Pray, brethren, that my sacrifice and yours may be acceptable to God, the almighty Father.
May the Lord accept the sacrifice at your hands for the praise and glory of his name, for our good and the good of all his holy Church.

The priest then says aloud the Prayer over the Offerings, which is proper to the day. This prayer corresponds to the Secret of the traditional Latin Mass. Like the Collect, only one Prayer over the Offerings is said. With the invitation to the people to join in the sacrifice and the Prayer over the Offerings, the Preparation of the Gifts is concluded. All is now ready for the sacrifice.

New terms
  • General Instruction of the Roman Missal (GIRM) – The set of rubrics for the Novus Ordo Mass, which are disconcertingly vague.
  • versus populum Facing the people across the altar during Mass.
  • ad orientem Facing the same direction as the people during Mass, traditionally toward the east.
  • Entrace Chant – A liturgical chant proper to the day, usually from a psalm, sung as the servers, deacon, and priest enter the sanctuary.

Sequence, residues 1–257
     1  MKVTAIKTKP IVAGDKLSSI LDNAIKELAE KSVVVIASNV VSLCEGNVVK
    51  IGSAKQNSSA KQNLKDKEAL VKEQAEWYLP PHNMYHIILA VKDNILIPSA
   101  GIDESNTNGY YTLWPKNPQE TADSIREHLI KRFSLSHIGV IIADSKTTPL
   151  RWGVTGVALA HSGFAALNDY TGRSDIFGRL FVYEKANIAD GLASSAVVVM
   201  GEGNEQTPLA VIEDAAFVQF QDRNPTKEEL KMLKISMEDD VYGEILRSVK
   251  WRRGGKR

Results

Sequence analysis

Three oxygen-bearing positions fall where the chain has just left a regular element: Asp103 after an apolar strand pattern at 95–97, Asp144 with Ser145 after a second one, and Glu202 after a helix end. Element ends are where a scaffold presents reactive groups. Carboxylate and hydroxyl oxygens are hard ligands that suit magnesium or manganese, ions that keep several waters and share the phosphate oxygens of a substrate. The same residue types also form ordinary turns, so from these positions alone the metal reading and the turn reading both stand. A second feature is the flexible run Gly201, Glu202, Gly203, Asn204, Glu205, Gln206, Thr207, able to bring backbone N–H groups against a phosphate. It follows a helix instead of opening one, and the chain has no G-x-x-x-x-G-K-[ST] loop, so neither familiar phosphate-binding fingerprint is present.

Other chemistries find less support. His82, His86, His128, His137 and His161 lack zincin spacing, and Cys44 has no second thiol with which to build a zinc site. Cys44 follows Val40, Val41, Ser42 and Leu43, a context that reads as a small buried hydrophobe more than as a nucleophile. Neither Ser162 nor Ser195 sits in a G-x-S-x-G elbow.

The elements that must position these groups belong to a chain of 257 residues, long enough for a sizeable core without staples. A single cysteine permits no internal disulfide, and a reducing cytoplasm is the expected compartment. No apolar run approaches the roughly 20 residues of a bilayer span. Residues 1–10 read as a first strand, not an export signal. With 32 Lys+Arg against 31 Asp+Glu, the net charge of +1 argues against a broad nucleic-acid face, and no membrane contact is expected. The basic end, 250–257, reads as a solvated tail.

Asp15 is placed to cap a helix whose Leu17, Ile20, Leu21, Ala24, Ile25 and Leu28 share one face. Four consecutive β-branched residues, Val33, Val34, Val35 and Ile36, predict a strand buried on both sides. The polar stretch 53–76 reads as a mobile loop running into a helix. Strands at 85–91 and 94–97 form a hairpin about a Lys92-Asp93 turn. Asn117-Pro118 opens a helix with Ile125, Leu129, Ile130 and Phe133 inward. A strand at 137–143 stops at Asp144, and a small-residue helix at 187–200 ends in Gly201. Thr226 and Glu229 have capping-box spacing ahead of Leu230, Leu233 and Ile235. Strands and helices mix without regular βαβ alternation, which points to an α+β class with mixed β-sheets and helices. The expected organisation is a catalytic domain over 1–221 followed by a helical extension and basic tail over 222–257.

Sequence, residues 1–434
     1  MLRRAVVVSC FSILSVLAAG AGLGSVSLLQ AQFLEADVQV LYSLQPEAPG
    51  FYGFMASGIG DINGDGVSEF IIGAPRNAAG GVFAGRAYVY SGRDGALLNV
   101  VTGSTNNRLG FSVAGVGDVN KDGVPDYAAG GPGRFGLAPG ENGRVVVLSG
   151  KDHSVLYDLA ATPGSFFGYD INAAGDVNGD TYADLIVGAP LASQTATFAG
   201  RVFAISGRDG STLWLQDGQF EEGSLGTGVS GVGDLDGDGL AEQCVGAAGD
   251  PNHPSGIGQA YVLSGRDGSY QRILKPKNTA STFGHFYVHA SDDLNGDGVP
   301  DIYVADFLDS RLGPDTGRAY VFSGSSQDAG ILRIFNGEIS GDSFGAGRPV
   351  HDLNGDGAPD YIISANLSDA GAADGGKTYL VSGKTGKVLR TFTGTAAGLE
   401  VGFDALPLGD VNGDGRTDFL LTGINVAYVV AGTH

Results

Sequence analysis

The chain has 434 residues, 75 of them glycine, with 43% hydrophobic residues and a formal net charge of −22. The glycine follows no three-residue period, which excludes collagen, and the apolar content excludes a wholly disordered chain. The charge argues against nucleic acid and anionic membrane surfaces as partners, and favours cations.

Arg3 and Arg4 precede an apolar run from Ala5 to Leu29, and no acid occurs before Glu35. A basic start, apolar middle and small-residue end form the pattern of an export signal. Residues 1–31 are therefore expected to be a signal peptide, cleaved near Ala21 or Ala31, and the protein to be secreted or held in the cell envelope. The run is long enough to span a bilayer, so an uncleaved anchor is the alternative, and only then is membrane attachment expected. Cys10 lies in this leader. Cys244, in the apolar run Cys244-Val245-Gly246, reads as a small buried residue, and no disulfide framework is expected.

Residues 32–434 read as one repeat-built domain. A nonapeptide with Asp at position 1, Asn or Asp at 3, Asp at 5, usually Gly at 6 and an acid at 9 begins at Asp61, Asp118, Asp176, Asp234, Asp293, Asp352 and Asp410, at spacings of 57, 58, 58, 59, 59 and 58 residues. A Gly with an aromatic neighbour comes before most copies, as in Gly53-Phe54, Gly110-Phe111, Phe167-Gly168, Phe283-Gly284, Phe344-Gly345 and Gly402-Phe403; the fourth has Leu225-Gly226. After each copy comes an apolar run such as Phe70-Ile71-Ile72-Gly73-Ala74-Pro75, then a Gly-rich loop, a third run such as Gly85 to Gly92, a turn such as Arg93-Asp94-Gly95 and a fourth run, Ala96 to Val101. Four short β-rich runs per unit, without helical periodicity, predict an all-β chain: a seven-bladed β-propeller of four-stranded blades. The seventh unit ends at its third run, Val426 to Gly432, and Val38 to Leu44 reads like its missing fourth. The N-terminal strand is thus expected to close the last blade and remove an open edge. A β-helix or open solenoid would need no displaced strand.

• Penitential Act – The rite of acknowledging our sins and asking for God's mercy at the beginning of Mass.
  • Introductory Rites – The first part of the Mass, consisting of the opening greeting, Penitential Act, Kyrie, Gloria, and Collect.
  • Liturgy of the Word – The second part of the Mass, consisting of the readings from scripture, Homily, Credo, and Prayer of the Faithful.
  • lector – A lay person who reads the readings at Mass.
  • ambo – The lectern from which the readings are read.
  • Responsorial Psalm – A psalm or portion of a psalm with a response sung between the verses, proper to the day and sung after the first reading.
  • Homily – The sermon, which in the Novus Ordo is part of the liturgy.
  • Universal Prayer or Prayer of the Faithful – Petitions offered for the Church and the world at the end of the Liturgy of the World, composed by the priest or the parish.
  • Liturgy of the Eucharist – The third major part of the Novus Ordo Mass, in which we offer the Holy Sacrifice and receive the Blessed Sacrament.
  • Preparation of the Gifts – The part of the Mass in which the bread and wine are placed on the altar, blessed, and made ready for the sacrifice.
  • Offertory Chant – A chant proper to the day sung during the Preparation of the Gifts, usually taken from a psalm. It may be replaced with another liturgical chant.
  • Prayer over the Offerings – A prayer proper to the day said aloud at the end of the Preparation of the Gifts, corresponding to the Secret of the traditional Latin Mass.